Gilda O'Neill has drawn on her life in Cockney London to give us a taste of what it was like to live around the docklands by the River Thames in the 1950s. My East End shares with us life in rows of terraced houses with no indoor toilets and often sharing with one or more families. Her nan (grandmother) had a pie and mash shop, her grandfather was a tug skipper.
In personal recollections East Enders, instead of complaining about the cramped conditions, enjoyed the sense of community with families looking after each other's children, sharing a meal when times were hard (as it was most of the time) and helping out when someone was ill. Women sat outside their doors (which led directly into the street with no front garden) and watched children play and share a conversation with their neighbors.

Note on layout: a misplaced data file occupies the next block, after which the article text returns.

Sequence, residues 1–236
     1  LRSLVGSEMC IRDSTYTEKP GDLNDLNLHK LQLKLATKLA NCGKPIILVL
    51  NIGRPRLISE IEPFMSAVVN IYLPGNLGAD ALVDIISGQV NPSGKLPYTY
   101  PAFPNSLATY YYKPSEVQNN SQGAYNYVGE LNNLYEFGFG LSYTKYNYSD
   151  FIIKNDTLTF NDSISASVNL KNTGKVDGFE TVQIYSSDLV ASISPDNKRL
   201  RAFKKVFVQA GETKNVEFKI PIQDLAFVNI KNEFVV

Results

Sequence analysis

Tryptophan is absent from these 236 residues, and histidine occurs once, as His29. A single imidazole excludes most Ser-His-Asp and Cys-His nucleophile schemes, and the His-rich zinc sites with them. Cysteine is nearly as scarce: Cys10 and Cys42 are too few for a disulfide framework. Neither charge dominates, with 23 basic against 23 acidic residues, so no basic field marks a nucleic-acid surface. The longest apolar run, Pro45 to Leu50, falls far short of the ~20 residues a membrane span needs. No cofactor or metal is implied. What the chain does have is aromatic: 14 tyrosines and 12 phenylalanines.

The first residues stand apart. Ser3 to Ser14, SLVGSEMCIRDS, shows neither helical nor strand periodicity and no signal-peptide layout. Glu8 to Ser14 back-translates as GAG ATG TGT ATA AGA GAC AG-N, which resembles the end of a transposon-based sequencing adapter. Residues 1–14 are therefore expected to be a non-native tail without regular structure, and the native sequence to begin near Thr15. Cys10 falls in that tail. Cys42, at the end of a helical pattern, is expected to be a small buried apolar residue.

The children made their own games using an old bike wheel with the spokes removed or playing on bomb sites (from WWII) hoping to find some treasures. Following the arrival of container shipping requiring deeper waters and larger cranes, the docks were eventually closed and trade moved to the Thames estuary, Tilbury.
The Docklands were later developed into a London business area with skyscrapers and office buildings replacing the terraced houses and displacing the dock workers who could no longer afford to live there. The area was further developed to host the 2012 London Olympics.
Unfortunately, Gilda O'Neill died a few years ago at the age of 59. She has many works of both fiction and non-fiction.